Run time: 118 mins

The possibility of change in post-war Italy is conveyed through the domestic struggles of one Roman housewife in There’s Still Tomorrow.


The film’s director Paola Cortellesi plays Delia, her role in this patriarchal society is confined to being a mother, cleaning the house, and catering to her husband’s every need. In the house, it falls upon her to care for her misogynistic father-in-law; she works four jobs to earn very little, and all of it goes to her despotic husband. Because Ivano is also a violent man, having learned from a young age a set of rules about men and women’s roles in a society where the latter are required to be quiet and comply, deprived of a right to vote, and a right to education.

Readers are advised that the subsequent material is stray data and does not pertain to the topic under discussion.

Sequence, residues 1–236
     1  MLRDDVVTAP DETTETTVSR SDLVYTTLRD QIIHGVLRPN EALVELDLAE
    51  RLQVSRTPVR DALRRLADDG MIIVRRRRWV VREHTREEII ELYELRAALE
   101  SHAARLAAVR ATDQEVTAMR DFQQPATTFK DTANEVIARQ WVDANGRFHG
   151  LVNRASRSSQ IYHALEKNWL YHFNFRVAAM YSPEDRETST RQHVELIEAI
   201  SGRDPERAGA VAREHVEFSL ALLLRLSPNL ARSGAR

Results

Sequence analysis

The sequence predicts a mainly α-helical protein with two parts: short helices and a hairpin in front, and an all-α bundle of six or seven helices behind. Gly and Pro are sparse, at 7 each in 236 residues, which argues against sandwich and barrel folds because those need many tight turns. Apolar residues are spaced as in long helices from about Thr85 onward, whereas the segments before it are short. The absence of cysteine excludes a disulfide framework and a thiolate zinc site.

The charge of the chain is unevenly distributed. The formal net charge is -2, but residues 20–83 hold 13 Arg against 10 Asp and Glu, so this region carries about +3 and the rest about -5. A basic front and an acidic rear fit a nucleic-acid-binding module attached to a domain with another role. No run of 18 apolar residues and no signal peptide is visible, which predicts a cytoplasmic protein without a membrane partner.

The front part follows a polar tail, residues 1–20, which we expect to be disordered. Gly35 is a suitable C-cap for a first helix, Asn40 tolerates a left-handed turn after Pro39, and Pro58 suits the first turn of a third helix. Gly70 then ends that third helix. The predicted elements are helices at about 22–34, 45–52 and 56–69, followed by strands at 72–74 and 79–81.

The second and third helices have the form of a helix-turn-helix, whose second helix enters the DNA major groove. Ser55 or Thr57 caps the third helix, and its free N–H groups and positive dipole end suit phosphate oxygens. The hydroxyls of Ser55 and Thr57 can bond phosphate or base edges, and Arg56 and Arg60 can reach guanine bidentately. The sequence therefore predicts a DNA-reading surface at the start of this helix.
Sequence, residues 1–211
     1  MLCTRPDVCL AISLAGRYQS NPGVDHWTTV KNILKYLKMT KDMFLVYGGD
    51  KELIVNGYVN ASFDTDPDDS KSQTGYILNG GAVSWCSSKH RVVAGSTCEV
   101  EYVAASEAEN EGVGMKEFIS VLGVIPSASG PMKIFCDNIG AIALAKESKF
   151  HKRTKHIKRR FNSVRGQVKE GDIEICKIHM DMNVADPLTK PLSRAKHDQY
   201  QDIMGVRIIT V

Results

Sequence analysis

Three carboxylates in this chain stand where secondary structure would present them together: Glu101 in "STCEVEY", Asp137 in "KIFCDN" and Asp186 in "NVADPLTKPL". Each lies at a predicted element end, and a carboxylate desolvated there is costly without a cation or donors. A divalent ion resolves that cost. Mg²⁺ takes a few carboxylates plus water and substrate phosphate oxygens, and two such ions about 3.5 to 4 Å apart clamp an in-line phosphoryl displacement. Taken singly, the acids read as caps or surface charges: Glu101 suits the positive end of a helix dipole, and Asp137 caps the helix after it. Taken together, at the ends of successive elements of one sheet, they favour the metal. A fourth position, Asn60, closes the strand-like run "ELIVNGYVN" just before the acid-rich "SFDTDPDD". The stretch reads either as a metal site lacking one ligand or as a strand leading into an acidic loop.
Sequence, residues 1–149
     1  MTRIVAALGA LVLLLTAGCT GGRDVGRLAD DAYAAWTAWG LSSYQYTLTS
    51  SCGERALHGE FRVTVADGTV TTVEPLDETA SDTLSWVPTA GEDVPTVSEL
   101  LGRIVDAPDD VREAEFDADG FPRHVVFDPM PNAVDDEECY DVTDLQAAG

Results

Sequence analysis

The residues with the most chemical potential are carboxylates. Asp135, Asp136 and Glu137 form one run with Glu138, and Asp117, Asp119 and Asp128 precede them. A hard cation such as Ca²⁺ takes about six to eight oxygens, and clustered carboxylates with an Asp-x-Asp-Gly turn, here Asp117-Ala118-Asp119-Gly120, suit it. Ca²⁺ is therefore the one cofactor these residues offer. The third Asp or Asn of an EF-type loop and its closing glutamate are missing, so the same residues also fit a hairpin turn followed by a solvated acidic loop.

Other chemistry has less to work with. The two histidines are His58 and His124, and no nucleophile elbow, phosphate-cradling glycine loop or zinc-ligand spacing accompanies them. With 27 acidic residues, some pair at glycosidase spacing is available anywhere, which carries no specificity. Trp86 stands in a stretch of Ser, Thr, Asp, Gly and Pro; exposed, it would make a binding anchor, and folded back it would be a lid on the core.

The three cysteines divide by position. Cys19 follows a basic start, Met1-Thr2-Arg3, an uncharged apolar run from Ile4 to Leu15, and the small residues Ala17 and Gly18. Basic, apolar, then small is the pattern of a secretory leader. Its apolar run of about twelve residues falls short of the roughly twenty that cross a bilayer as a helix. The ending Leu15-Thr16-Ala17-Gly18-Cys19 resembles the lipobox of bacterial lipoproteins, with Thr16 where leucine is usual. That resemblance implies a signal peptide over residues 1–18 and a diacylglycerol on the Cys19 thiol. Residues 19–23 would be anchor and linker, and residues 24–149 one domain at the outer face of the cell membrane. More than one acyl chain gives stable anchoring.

The film follows Delia as she endures the domestic violence and verbal humiliation coming from her husband and father-in-law, hile doing all she can to leave her daughter Marisa with a better “tomorrow”.

Cortellesi’s ambitious, big-hearted directorial debut feature echoes the Neo-realist classics of the period, showcasing a central character who might once have been played by Sophia Loren.